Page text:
My mouth acted in advance of my brain and I informed him that if she did that, I would be delighted to return the favour and whack her harder and longer to make her see how much good it did. The mother did not appear to find her son’s remark out of line, and she did not enter into the exchange. Judging by her son’s loud and unpleasant comments about everyone in the waiting room she has a – relaxed? – approach to discipline.
Could dog training sessions become compulsory for such families, since behaviour tends to be the same across a household? Or take it further: introduce an obligatory test and basic training for everyone who owns/wants a pet. Short term, fewer strays would find a home, but long term such commitment might reduce thoughtless momentary fascination with dogs and thus make puppy farming unprofitable. However, from the government down (or should that be up), ‘long term’ does not feature.
The world is approaching the equivalent of the fall of the Roman Empire. We reached a pinnacle of riches; debauchery and crime have flourished and we have lost sight of what is important. Does every old person feel like that? My father frequently stated that he was glad he would not be around for too much longer in a world that was becoming dissolute. That’s how I feel. Caring for a creature with simple needs and no material greed is keeping me sane. Cheers, Laika!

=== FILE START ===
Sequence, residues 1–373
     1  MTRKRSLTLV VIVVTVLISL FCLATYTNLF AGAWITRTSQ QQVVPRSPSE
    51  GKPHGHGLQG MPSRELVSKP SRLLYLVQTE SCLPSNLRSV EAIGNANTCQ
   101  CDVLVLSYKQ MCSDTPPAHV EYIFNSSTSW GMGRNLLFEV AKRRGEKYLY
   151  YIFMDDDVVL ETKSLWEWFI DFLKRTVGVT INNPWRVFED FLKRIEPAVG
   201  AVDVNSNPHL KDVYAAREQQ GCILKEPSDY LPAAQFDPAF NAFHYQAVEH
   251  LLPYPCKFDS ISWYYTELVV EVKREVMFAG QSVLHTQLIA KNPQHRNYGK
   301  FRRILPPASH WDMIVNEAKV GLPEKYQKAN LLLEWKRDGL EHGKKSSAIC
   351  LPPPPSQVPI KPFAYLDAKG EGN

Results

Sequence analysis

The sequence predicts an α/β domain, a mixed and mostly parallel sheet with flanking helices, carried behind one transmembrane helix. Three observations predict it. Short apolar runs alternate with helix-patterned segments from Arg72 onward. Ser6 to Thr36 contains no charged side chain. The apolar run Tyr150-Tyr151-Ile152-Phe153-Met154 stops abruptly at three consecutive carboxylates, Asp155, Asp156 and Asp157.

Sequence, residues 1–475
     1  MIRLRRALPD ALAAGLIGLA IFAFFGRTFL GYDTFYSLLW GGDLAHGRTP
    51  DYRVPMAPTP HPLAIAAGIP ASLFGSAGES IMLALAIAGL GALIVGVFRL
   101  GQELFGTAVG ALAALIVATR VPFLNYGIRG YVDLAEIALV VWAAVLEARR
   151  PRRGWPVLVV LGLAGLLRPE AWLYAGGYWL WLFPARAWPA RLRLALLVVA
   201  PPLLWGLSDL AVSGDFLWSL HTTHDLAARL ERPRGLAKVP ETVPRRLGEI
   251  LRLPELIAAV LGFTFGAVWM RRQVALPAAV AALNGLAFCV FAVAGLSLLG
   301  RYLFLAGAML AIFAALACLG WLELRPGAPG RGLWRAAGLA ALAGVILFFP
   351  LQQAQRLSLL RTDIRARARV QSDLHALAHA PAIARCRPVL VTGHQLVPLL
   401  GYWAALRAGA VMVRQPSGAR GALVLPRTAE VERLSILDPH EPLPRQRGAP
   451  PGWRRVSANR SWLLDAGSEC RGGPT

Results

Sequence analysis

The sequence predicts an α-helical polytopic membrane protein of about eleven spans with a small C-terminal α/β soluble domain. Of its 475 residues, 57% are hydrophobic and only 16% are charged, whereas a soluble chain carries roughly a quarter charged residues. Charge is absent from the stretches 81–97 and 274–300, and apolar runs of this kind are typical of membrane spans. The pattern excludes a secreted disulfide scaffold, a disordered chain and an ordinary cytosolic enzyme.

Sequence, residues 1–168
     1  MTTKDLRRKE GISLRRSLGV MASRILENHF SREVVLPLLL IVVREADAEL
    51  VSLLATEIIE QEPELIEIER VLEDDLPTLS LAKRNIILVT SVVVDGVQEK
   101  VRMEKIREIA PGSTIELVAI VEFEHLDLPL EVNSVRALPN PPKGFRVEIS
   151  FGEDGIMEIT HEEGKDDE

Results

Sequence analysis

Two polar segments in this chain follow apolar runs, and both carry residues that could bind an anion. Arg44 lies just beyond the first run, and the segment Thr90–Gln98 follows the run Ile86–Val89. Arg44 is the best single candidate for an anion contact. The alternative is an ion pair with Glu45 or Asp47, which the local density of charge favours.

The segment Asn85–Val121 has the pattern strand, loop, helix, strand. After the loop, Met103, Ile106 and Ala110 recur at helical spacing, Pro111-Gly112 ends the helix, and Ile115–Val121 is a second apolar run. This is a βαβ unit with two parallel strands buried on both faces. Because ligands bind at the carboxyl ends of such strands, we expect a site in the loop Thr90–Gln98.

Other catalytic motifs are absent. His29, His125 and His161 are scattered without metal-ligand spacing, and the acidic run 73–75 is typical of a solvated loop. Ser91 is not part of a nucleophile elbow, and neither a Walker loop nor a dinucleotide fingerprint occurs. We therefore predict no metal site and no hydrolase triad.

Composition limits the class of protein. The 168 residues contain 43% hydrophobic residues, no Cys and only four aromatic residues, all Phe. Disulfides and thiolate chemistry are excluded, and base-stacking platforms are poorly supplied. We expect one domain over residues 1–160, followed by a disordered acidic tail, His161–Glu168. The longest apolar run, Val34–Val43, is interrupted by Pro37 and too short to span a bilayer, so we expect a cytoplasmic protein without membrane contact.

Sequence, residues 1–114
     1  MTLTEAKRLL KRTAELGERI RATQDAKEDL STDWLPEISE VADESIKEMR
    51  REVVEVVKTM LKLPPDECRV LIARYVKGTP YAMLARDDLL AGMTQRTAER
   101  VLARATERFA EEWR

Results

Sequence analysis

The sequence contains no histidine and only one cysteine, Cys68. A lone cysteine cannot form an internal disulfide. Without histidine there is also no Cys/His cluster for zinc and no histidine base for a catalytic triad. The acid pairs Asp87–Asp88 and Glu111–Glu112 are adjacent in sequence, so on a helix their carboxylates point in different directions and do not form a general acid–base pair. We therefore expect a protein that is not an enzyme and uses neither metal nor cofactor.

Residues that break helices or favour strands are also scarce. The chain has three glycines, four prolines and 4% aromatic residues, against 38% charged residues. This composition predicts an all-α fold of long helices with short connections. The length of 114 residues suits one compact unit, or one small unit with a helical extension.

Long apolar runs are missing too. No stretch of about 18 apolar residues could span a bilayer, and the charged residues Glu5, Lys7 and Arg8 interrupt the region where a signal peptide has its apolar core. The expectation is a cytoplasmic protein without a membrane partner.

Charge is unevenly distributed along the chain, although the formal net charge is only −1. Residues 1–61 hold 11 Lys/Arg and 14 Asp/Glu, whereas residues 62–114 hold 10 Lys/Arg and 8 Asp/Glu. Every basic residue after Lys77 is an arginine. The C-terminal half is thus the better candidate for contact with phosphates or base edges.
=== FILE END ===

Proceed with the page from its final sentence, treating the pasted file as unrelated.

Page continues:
Here’s a good game: I bury the ball, you dig it up again.
– What do you mean, bad for your nails? You don’t hear me complaining
about my manicure, and I do the hard part. Get your priorities sorted…
Have I got stage presence?
Would I make a good subject for a monument?
I am on to you, Mum! Those juicy bits of chicken you have uncharacteristically been tossing me while preparing my food contain PILLS. I don’t like pills. I don’t care that the vet says I need them since my tummy is bad for the third time in as many weeks. I don’t care that you have been boasting about me taking my medicines really easily since nothing touches the sides. Well, now it does. Now I have discovered your duplicity and cruel attempts to make me eat things that do not taste nice. This is not like you, and I am disappointed in you.
So, from now on every bit of chicken will be sniffed, carefully chewed, spat out if it contains anything solid and I will look at you with terrible reproach in my little face. How could you try to con me? – I thought we had a good, honest relationship, and here you go and treat me like an idiot.